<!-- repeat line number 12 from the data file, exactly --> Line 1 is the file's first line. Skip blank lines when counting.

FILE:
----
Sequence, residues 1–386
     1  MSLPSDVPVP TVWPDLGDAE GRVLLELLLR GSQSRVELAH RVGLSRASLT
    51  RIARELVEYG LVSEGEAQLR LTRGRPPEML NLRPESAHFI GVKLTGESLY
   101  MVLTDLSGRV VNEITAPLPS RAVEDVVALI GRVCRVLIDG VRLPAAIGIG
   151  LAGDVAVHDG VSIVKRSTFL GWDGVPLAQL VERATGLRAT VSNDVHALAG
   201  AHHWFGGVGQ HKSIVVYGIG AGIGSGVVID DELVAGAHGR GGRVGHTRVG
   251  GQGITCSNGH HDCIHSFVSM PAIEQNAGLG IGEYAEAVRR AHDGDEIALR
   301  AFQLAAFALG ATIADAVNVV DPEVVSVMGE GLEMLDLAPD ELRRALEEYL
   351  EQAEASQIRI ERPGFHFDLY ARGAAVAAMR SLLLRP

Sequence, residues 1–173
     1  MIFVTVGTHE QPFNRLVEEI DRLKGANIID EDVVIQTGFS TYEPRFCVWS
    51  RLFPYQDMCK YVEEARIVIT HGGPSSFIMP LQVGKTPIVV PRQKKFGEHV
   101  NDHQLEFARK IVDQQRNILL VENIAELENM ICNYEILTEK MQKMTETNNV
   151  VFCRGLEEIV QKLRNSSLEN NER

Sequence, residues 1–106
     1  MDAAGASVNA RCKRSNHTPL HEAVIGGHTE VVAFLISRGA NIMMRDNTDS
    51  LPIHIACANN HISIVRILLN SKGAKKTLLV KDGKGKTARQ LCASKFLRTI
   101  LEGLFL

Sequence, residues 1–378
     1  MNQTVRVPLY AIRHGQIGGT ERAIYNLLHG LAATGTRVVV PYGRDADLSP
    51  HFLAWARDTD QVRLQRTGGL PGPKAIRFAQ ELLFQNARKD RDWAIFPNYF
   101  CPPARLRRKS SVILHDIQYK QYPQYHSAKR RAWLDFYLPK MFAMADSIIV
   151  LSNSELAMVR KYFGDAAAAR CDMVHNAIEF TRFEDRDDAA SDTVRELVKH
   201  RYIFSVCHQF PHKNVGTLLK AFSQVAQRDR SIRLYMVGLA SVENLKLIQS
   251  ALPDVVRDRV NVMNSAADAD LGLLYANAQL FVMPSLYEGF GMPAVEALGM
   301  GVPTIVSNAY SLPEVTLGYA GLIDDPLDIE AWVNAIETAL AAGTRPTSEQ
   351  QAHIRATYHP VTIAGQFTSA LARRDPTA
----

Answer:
    51  RLFPYQDMCK YVEEARIVIT HGGPSSFIMP LQVGKTPIVV PRQKKFGEHV